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Open Water: The Impact of Market Change

The Wave of change

For the last 25 years, since it was privatised in 1989, the UK water industry has been stable, heavily regulated and much loved by investors, with the so called “big ten” enjoying the relative mill pond calm of a monopoly environment.

2017 however sees this come to an end, not with a mere ripple of change but more with a tidal surge: 
Under the aptly named “Open Water” programme the regulator Ofwat aims to facilitate the implementation of market reform in the sector. This involves the creation of a new market for retail water and sewerage services for non-household customers (some 1.1 M of them), effectively echoing the Scottish Water Market which formally opened for competition in 2008.

The present market is a monopoly with the incumbent water company owning everything from source to tap and sink to sea:



The new market will remove business customers from the water business, leaving an asset owning wholesale business and a solely customer focussed retail business:




Time to earn your Water wings?

With the industry on the verge of change on the scale not seen since privatisation it is little wonder that the sector is attracting intense focus.  The size of the challenge to separate the retail arm of the businesses and adhere to Ofwat’s “Level Playing Field” rules is substantial:
  • New retail focussed operating models need to be created
  • Existing non-regulated arms amalgamated
  • Capabilities such as customer retention and aggressive marketing need to be grown or acquired to stand up against new competitors. 
The retailer owns no asset, makes no product and does not safe guard public health: instead they are agile, fleet of foot, responsive to changing customer needs, technologically advanced and savvy marketers.  Imagine if you can Virgin, Tesco or Google entering this retail space bringing their superior abilities in marketing, customer retention, digital and channel management.
These new benchmarks present a significant challenge to the retailers who spawn from their wholesale counterparts – skills sets of this nature are alien in a world where a utilities pedigree and strong operational capabilities were previously king.
The companies that will thrive in this new world will be those who break free from their wholesale counterparts and who embrace thinking and technology from way beyond the sector.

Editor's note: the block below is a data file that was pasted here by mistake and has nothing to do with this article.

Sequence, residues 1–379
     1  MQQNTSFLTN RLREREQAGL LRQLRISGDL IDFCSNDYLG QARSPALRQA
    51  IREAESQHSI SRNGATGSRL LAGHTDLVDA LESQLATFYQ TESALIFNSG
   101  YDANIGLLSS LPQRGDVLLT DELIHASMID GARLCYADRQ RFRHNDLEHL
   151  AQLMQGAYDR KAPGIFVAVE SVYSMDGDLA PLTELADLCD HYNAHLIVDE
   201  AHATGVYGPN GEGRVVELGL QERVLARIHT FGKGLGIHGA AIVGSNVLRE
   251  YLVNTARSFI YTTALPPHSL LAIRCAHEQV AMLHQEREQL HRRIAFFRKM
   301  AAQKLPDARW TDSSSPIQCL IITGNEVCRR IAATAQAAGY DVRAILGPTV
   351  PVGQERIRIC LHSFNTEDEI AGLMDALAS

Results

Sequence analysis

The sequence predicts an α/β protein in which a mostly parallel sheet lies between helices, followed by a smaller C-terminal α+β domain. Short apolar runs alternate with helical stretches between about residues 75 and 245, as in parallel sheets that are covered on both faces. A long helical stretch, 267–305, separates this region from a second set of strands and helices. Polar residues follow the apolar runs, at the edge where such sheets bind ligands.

Don’t let the mother ship sail

Whilst the separation of the retail arms to serve the business market, is undoubtedly highly attractive to those with Operating Model and Process engineering skills, it would be a huge mistake to underestimate the impact of the changes on the remaining wholesale business.

For many of the twenty wholesale businesses left, sojourning into the retail arena is not attractive.  For many private equity owners a water company was purchased to be a safe, reliable and relatively risk free investment – attributes which competing in the retail space is somewhat at odds with.  For many, being an excellent wholesaler is a much more attractive proposition but several key challenges still must be overcome:
  • Every customer facing process in the wholesale business must be changed to reflect the new market code.  Processes must be leaner, more cost effective and most importantly, factor in the true cost of the product to protect margin.
  • Poor data flows and quality must be corrected as these become not an irritating internal issue but one of contractual importance, whilst financial reconciliation of meter and usage data becomes less a paper accounting exercise and more the driving force of real bottom line performance. 
Remaining focussed on the wholesale business should not be seen as taking the “easy way” out.  Margins will be tight, control over the cost to serve imperative and smooth processes to handle an as yet unknown number of retailers, vital.


Riding the Wave

In summary, are these exciting times in the industry? Sure. Are there great opportunities for those with a thirst for the sector? Undoubtedly.
But it is worth always remembering that to not focus attention on wholesale as well as the more obvious retail arena, would be to miss the boat entirely.

About the author

Karen Thompson
Karen Thompson
Karen is a managing consultant in the Operating Model and Performance Improvement capability of Capgemini Consulting UK specialising in the Utilities sector. She has been with Capgemini for 5 years having previously spent 12 years as a senior manager for a leading Water Utility in a variety of operational and strategic roles. Specialising in large scale business transformation projects, with both Capex and Opex drivers, Karen brings both a deep sector understanding and a strong consulting skill set to her clients. Karen is currently the Capgemini Lead for Open Water market reform

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